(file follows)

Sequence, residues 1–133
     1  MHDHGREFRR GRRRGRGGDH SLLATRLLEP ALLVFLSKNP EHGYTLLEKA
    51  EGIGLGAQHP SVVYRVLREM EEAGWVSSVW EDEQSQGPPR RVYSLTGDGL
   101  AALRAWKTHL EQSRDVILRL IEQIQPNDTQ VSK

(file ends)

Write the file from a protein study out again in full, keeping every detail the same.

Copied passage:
Sequence, residues 1–133
     1  MHDHGREFRR GRRRGRGGDH SLLATRLLEP ALLVFLSKNP EHGYTLLEKA
    51  EGIGLGAQHP SVVYRVLREM EEAGWVSSVW EDEQSQGPPR RVYSLTGDGL
   101  AALRAWKTHL EQSRDVILRL IEQIQPNDTQ VSK